The impact of the IOTC fisheries on mobulid rays: status and interactions, data availability, and recommendations for management

Flounders L (2020) The impact of the IOTC fisheries on mobulid rays: status and interactions, data availability, and recommendations for management. In: IOTC - 16th Working Party on Ecosystems and Bycatch. IOTC-2020-WPEB16-18, Online, p 29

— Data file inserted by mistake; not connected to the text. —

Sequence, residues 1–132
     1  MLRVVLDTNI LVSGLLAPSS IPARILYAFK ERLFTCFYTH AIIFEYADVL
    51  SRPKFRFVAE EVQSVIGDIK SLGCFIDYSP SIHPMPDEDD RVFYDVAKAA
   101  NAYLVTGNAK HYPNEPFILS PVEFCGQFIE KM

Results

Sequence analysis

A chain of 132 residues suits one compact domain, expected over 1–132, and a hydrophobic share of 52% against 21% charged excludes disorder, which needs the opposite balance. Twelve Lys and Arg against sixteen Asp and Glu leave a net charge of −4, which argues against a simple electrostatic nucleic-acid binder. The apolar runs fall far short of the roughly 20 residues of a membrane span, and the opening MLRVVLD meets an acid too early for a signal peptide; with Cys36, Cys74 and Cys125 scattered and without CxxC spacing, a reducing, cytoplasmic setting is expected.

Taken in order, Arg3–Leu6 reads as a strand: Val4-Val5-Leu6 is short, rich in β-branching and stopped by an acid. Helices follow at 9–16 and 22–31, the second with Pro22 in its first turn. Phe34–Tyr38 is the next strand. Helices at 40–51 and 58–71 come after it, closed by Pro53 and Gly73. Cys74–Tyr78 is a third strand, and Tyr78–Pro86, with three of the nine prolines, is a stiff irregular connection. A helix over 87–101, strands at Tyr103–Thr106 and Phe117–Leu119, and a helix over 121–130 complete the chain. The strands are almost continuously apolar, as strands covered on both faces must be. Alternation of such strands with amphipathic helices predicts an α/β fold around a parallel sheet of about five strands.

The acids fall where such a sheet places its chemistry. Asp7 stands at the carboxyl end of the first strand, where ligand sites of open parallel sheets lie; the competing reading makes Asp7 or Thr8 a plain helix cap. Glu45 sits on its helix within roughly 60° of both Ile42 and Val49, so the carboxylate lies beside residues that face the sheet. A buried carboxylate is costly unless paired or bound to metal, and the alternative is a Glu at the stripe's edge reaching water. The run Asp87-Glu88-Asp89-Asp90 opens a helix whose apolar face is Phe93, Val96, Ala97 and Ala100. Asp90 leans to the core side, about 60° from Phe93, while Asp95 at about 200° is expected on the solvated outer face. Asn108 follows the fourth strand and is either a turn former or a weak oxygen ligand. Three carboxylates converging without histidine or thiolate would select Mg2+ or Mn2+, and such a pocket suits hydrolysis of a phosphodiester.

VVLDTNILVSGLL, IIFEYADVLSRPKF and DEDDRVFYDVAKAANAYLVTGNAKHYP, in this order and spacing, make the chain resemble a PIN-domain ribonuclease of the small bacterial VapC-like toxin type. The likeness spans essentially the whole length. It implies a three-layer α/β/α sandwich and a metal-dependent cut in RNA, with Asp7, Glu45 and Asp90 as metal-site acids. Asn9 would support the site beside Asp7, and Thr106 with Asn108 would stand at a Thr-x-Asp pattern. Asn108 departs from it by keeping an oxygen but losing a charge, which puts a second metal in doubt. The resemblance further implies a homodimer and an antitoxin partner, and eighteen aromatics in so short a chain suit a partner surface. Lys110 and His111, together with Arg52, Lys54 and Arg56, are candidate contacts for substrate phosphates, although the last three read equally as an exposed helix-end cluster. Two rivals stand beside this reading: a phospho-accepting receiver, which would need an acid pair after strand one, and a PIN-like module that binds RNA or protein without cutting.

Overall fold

Introduction and status of mobulids Manta and devil rays (collectively known as mobulids) are a family of migratory elasmobranchs. Their life history traits mean the largest Mobula species have maximum rates of intrinsic population increase among the lowest of all elasmobranchs (Dulvy et al., 2014). Mobulids are vulnerable to both targeted fisheries and bycatch and are caught in both small-scale and commercial (e.g. tuna) fisheries (Croll et al., 2016). Such fisheries are a major threat to mobulids, with some populations exhibiting declines of over 90% (e.g. Lewis et al., 2015; Rohner et al., 2017; Moazzam, 2018). In the Indian Ocean, all mobulid species are assessed as either Vulnerable or Endangered (IUCN, 2020; Table 3.), with steep population declines due to exploitation in fisheries playing a major role in these assessments. In response to growing concern, in 2019 the IOTC adopted Resolution 19/03 on the conservation of mobulids caught in association with fisheries in the IOTC Area of Competence (Annex 1). Interactions with the IOTC fisheries Mobulids are mainly caught as bycatch, primarily in the industrial purse-seine fisheries, and to a lesser extent in longline fisheries (Croll et al., 2016; Shahid et al., 2018). They are also incidentally captured in small-scale gillnet fisheries, usually being retained for their meat and gill plates (White et al., 2006; Ardill et al., 2011; Moazzam, 2018). Mobulids are particularly susceptible to incidental catch in tuna fisheries due to their epipelagic distribution in regions of high productivity, leading to a high level of distributional overlap with target species (Croll et al., 2012). However, observer coverage on the IOTC fishing vessels is limited, and often mobulid landings are not identified to species level, meaning data is poor. Despite this, reports submitted to the IOTC WPEB in 2018 (Shahid et al.; Moazzam; Fernando) all highlighted declines in mobulid populations due to tuna fisheries in the Indian Ocean (Table 4.). Post-release mortality of mobulids in tuna fisheries is currently high (Poisson et al., 2014; Francis and Jones, 2017; Amandè et al., 2008) due to a lack of available tools to safely manipulate mobulids (Grande et al., 2019), and lack of awareness/compliance with safe handling and release guidelines. Potential onboard tools include “manta ray grids” and modified brailer grids. Pre-capture techniques, which should be emphasised, include dynamic spatio-temporal management of key mobulid habitats, and tools such as LEDs to prevent incidental catch. Data availability and gaps Research on mobulids, although increasing, has been limited by the difficulties in observing and investigating Mobula species in their extensive oceanic environment (Couturier et al., 2012; Croll et al., 2016; Lawson et al., 2017; Stevens et al., 2018). A systematic literature review undertaken by Stewart et al., published in September 2018(a), identified research priorities to support effective mobulid ray conservation. The review highlighted the need for taxonomic clarifications, better knowledge of mobulid life history parameters, and more studies on bycatch and fisheries (including post-release mortality, species distributions and fisheries data standardisation). A number of data gaps, in addition to the lack of IOTC fisheries observer coverage and lack of research into bycatch mitigation for mobulids, are of relevance to and could be addressed by tuna RFMOs. These are outlined in Table 4. Recommendations for management CMM 19/03 is very positive and in order to ensure implementation and compliance, while achieving the goal of significantly decreasing the mortality of mobulid rays, the following actions are recommended: ... see PDF